Leo the Great: Our Lord Jesus Christ made in Himself the beginning of a new creation Monday, Jan 2 2017 

Saint_Leo_of_RomeThe bodily Nativity therefore of the Son of God took nothing from and added nothing to His Majesty because His unchangeable substance could be neither diminished nor increased.

For that “the Word became flesh” does not signify that the nature of God was changed into flesh, but that the Word took the flesh into the unity of His Person.

And therein undoubtedly the whole man was received, with which within the Virgin’s womb fecundated by the Holy Spirit, whose virginity was destined never to be lost, the Son of God was so inseparably united that He who was born without time of the Father’s essence was Himself in time born of the Virgin’s womb.

For we could not otherwise be released from the chains of eternal death but by Him becoming humble in our nature, Who remained Almighty in His own.

And so our Lord Jesus Christ, being at birth true man though He never ceased to be true God, made in Himself the beginning of a new creation, and in the “form” of His birth started the spiritual life of mankind afresh, that to abolish the taint of our birth according to the flesh there might be a possibility of regeneration without our sinful seed for those of whom it is said, “Who were born not of blood, nor of the will of the flesh, nor of the will of man, but of God” (John 1:13).

What mind can grasp this mystery, what tongue can express this gracious act?  Sinfulness returns to guiltlessness and the old nature becomes new; strangers receive adoption and outsiders enter upon an inheritance.  The ungodly begin to be righteous, the miserly benevolent, the incontinent chaste, the earthly heavenly.

And whence comes this change, save by the right hand of the Most High?  For the Son of God came to “destroy the works of the devil” (1 John 3:8), and has so united Himself with us and us with Him that the descent of God to man’s estate became the exaltation of man to God’s.

Leo the Great (c.400-461): Sermon 27, 2.

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Leo the Great: I have become Son of Man that you might have power to be sons of God Friday, Jun 17 2016 

Saint_Leo_of_RomeThe Lord Jesus does, indeed, say to His disciples, as was read in the Gospel lection, if you loved Me, you would assuredly rejoice, because I go to the Father, because the Father is greater than I.

But those ears, which have often heard the words, I and the Father are One, and He that sees Me, sees the Father also, accept the saying without supposing a difference of Godhead or understanding it of that Essence which they know to be co-eternal and of the same nature with the Father.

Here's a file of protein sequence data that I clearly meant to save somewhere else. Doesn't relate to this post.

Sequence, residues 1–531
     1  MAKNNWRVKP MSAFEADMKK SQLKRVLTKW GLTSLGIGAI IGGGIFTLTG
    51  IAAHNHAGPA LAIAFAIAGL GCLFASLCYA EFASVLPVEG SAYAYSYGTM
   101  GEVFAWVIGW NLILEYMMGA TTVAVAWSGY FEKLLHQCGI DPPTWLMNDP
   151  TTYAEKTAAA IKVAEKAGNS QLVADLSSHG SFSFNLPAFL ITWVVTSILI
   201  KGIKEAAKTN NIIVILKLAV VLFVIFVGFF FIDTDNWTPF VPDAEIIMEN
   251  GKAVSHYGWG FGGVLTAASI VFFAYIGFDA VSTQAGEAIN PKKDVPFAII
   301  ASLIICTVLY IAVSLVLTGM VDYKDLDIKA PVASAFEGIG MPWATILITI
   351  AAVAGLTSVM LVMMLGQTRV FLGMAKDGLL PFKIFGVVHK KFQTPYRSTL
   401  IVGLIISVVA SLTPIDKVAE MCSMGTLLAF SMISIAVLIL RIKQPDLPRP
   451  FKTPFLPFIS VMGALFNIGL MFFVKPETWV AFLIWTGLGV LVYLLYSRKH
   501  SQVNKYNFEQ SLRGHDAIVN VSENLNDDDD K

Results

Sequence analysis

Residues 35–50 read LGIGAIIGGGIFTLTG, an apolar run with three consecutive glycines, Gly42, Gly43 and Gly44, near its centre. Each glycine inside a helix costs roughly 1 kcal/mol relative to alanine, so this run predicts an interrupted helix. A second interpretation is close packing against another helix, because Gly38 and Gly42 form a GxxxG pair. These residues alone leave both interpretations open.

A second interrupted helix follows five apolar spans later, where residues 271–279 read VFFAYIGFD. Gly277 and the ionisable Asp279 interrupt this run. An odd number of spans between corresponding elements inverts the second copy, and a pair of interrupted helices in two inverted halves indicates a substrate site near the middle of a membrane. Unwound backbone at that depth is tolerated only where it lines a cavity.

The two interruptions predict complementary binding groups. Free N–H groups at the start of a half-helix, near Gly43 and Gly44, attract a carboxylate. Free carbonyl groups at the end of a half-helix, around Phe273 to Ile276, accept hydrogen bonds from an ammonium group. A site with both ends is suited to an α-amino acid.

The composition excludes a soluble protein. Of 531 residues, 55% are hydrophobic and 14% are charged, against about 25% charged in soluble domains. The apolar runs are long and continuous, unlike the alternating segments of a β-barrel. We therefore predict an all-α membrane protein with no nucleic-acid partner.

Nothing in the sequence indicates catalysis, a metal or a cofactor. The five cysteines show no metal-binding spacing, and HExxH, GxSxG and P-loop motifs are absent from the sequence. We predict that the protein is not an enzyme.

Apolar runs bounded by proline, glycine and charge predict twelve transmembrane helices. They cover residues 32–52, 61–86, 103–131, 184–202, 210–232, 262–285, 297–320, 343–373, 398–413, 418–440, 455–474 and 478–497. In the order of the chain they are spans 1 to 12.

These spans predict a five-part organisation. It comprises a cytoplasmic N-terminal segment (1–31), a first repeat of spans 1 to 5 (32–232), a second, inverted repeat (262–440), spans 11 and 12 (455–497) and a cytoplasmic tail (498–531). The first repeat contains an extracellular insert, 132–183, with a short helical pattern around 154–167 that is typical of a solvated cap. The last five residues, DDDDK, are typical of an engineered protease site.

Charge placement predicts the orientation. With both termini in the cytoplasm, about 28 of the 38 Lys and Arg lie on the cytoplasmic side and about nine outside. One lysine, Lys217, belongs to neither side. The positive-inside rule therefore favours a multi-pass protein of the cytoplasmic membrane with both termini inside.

Man’s uplifting, therefore, in the Incarnation of the Word, is commended to the holy Apostles also.

And they, who were distressed at the announcement of the Lord’s departure from them, are incited to eternal joy over the increase in their dignity; If you loved Me, He says, you would assuredly rejoice, because I go to the Father.

That is, if, with complete knowledge you saw what glory is bestowed on you by the fact that, being begotten of God the Father, I have been born of a human mother also, that being invisible I have made Myself visible, that being eternal in the form of God I accepted the form of a slave, you would rejoice because I go to the Father.

For to you is offered this ascension, and your humility is in Me raised to a place above all heavens at the Father’s right hand.

But I, Who am with the Father that which the Father is, abide undivided with My Father, and in coming from Him to you I do not leave Him, even as in returning to Him from you I do not forsake you.

Rejoice, therefore, because I go to the Father, because the Father is greater than I. For I have united you with Myself, and have become Son of Man that you might have power to be sons of God.

And hence, though I am One in both forms, yet in that whereby I am conformed to you I am less than the Father, whereas in that whereby I am not divided from the Father I am greater even than Myself.

And so let the Nature, which is less than the Father, go to the Father, that the Flesh may be where the Word always is, and that the one faith of the Catholic Church may believe that He Whom as Man it does not deny to be less, is equal as God with the Father.

Leo the Great (c.400-461): Sermon 77, 5.

Leo the Great: Things which as yet have for the most part not come to pass must be reckoned as accomplished Wednesday, May 11 2016 

Saint_Leo_of_RomeContinued from here….

St. Paul…says “even though we have known Christ after the flesh, yet now we know Him so no more” (2 Corinthians 5:16).

For the Lord’s Resurrection was not the ending, but the changing of the flesh, and His substance was not destroyed by His increase of power.

The quality altered, but the nature did not cease to exist. The body which it had been possible to crucify was made impassible. It was made incorruptible, though it had been possible to wound it.